2015 Climate Summit in Paris “A global reduction target would be important”

Signs of climate change;
Signs of climate change; | © fotolia

Jochen Harnisch is Coordinator Climate Change Policy at the KfW Development Bank and a lead author of the Intergovernmental Panel on Climate Change (IPCC). He has been observing climate negotiations for more than two decades.

Mr. Harnisch, ahead of the climate summit in Paris participants are spreading cautious optimism. Do you share this confidence?

The positions of the groups of states are far apart. Still, I hope they will formulate a global reduction target.

What exactly do you mean by that?

Ever since the summit in Copenhagen in 2009 we’ve known that there’s not going to be a follow up to the Kyoto Protocol, a so-called Kyoto Plus. At the time the international community had set specific CO2 reduction targets for industrialized countries, country for country. Such a legally binding international agreement won’t come again so soon. A global reduction target for all, however, can be reached and would be important as a guide for investors.

What would have to be in the final document so that you could call it a success?

That the international community commits itself to reduce greenhouse gas emissions by 40 percent compared with 2010 by mid-century. Then the summit will have communalized the international two degree target in a global CO2 reduction target. That in my eyes would be a success, even if the dangers of climate change wouldn’t yet be banished. A reduction of 40 percent, in the view of the IPCC, is the least that needs to happen. Seventy percent would be safer, but it would necessitate considerable redistribution among states and sectors and therefore is unrealistic.

“No one has to do what he doesn’t really want to do”

Let’s suppose that it comes to a global target. How could this be realized if individual states don’t simultaneously comply with specific obligations?

Part of the preparatory process for Paris was that the states set national targets for CO2 emissions and register them at the United Nations. Many states in recent months have submitted such “Intended National Determined Contributions“ (INDCs). They’re not binding under international law, but in my view they still are very useful. The targets are no longer laid down in a multinational negotiation process, no longer, so to say, from above. They come from the states themselves, which makes their compliance more likely. No one has to do what he doesn’t really want to do.

Are these voluntary commitments enough to curb climate change?

According to calculations of relevant think tanks, the previous INDCs would limit the temperature increase to about 2.7 degrees. In other words, they’re a good start to avoid the worst. We probably won’t actually reach two degrees, but it also won’t be four or five, as feared some time ago. Later we can resharpen the targets. The alternative would be the complete failure of the negotiations or a vague formulation accompanied by pious wishes.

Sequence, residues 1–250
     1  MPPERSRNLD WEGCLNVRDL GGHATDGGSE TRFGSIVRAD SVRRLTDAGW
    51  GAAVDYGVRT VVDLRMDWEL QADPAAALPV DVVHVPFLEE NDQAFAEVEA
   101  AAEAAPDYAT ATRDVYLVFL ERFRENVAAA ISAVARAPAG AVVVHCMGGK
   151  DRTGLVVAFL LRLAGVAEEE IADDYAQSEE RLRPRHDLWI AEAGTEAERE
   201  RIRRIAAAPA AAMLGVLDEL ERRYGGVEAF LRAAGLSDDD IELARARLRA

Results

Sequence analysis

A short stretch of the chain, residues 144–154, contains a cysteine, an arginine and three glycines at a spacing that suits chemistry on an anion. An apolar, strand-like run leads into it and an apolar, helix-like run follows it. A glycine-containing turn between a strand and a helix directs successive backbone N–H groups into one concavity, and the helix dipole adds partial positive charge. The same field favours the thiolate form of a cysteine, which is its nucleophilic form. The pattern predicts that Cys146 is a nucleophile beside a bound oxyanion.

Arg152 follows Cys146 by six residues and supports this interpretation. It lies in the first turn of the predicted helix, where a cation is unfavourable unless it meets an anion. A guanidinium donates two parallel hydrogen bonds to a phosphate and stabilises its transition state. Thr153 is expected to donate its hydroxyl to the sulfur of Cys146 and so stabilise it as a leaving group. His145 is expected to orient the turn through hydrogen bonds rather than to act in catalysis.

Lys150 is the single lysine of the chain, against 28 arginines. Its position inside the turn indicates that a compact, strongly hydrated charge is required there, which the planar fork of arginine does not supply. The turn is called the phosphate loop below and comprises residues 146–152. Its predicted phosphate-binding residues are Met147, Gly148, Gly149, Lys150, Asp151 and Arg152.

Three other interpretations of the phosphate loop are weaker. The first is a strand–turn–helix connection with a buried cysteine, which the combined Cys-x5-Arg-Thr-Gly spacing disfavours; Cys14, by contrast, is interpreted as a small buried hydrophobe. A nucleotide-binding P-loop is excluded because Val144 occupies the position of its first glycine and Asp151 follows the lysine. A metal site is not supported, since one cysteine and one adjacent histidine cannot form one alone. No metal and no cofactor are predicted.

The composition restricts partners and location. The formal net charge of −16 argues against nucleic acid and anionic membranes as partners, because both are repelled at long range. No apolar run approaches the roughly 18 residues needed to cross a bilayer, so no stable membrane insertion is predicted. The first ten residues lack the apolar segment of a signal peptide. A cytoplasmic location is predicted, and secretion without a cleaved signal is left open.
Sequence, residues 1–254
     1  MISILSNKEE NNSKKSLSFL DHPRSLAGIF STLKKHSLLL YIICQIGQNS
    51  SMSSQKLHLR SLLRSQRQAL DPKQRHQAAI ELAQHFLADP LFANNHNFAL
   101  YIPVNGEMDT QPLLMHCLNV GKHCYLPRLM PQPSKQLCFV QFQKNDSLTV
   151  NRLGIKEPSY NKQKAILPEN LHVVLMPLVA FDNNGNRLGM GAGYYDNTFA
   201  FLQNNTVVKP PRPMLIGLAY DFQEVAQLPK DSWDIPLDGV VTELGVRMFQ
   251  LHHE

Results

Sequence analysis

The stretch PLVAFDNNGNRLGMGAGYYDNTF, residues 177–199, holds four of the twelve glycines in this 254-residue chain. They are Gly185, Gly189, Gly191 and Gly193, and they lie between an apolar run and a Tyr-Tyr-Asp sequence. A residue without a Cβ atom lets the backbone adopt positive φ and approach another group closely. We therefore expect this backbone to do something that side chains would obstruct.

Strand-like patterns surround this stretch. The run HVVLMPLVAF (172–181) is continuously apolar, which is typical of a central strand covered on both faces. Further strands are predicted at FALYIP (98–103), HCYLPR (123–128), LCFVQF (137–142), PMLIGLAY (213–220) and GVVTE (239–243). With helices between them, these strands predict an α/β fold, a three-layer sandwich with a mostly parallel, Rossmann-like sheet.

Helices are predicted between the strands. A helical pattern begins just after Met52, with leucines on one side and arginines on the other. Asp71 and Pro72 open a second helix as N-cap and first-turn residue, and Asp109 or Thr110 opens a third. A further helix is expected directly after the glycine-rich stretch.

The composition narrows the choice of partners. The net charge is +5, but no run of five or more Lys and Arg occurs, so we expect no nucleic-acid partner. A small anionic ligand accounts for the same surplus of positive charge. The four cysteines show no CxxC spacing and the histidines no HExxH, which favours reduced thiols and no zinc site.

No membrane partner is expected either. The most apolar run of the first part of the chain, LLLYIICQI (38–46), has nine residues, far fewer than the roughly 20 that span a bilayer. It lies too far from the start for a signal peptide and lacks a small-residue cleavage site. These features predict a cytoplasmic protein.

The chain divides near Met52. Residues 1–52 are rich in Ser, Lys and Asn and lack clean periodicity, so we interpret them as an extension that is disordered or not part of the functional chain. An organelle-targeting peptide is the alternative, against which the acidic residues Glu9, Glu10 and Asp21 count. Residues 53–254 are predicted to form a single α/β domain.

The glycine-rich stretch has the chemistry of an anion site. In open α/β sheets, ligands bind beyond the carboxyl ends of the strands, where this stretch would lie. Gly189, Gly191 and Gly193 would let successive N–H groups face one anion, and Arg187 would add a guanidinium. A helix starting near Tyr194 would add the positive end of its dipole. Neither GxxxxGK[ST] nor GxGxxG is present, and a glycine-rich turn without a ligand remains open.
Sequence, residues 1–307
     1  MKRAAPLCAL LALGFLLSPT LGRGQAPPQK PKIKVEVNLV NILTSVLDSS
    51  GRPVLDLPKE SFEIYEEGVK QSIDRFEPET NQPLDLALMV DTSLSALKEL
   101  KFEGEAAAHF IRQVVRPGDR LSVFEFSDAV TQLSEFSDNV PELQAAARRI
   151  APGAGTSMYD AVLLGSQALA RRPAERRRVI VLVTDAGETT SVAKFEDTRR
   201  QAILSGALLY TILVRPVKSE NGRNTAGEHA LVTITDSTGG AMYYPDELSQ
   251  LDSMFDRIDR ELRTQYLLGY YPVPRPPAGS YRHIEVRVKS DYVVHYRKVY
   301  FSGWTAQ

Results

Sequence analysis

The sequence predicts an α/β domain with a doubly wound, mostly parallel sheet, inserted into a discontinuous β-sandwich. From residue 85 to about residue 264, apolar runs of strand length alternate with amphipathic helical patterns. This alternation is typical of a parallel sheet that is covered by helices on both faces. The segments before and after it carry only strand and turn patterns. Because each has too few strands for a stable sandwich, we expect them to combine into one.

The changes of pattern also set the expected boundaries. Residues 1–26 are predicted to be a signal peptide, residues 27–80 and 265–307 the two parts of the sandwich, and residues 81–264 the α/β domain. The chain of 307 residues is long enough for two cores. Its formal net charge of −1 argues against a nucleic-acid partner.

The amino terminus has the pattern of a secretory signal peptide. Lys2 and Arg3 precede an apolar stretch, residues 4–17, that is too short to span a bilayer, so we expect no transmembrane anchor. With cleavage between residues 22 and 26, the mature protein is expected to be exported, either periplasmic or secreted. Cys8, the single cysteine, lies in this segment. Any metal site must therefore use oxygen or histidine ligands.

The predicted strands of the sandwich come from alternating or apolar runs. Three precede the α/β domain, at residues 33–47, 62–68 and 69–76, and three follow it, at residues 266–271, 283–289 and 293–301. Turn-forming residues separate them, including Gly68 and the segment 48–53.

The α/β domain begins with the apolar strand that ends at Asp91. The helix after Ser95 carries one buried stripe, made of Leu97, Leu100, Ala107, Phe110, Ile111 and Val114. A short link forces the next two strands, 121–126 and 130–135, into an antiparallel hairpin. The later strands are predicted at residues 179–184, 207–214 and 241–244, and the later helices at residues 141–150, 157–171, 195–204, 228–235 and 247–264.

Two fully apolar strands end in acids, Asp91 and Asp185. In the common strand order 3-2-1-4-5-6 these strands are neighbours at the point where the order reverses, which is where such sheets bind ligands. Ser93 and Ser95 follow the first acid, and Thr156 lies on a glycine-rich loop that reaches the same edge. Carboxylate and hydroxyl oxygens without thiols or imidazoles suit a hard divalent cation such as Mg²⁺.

Is failure in Paris completely excluded?

No, but I think it unlikely. In addition to the package with the INDCs, there’ll be an agreement. The only question is how substantial it will be. If it includes the formulation “minus 40 percent by 2050” and at the same time clear statements on funding for developing countries, this would be a major step forward.

“With a view to the feasible”

So 2015 won’t be the year of the big turnaround in climate change, as some people euphorically predicted?

No, I don’t think so. For me plenty will have been done if, with a view to the feasible, we could go a step farther on the long and arduous path of decarbonization and Paris doesn’t turn out to be a setback.

There’s also regularly a big controversy about money. Who pays for climate protection, especially in the poorest countries?

Even today the industrialized countries make more money available for climate protection and adaptation to climate change in developing countries than is often thought. According to the figures of the OECD, the sum in 2014 alone was more than 50 billion euros from very different sources, including the KfW. In addition there is now a so-called Green Climate Fund, whose work has just begun. How much money it will receive in the end depends mainly on its performance. At present it’s been promised around ten billion dollars. But that’s far from enough.

Assuming the international community adopts in Paris a reasonably meaty agreement, where do the talks go from there?

We have to formulate reporting obligations and mechanisms for review. Providing funds also remains a major concern. But above all I hope that the delegates in Paris will create a reliable framework so that the excitement of the summit will be followed by actual implementation.